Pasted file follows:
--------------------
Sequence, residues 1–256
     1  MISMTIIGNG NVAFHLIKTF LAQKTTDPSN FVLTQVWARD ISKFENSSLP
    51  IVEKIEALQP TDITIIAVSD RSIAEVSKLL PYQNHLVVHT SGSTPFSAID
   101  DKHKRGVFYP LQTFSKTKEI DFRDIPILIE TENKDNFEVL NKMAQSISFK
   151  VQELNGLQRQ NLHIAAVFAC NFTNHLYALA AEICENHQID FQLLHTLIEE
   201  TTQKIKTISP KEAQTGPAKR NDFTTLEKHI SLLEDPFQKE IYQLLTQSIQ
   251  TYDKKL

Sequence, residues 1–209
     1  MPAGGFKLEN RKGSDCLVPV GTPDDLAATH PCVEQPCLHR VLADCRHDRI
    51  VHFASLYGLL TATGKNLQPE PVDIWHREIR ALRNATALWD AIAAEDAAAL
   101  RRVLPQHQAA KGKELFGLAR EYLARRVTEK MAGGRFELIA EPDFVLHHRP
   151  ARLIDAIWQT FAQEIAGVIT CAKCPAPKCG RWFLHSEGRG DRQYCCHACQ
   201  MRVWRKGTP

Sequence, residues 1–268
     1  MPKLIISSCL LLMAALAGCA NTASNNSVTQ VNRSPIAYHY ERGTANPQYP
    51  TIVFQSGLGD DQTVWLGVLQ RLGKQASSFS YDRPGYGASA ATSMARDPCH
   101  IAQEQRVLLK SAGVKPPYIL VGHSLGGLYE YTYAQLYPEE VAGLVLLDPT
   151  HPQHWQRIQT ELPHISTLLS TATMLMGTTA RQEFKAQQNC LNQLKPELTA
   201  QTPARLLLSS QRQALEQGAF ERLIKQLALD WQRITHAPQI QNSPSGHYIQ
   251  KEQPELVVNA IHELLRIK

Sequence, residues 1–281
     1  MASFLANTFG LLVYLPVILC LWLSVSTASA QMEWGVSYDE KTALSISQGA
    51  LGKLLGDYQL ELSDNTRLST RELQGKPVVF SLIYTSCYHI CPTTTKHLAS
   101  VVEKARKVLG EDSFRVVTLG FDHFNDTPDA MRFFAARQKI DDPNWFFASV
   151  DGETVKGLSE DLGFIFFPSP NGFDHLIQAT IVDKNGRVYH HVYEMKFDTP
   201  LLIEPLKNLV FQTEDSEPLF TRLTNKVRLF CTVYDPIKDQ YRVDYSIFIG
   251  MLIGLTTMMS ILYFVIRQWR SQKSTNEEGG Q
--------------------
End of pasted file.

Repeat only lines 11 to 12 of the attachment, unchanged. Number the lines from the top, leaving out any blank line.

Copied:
   101  RRVLPQHQAA KGKELFGLAR EYLARRVTEK MAGGRFELIA EPDFVLHHRP
   151  ARLIDAIWQT FAQEIAGVIT CAKCPAPKCG RWFLHSEGRG DRQYCCHACQ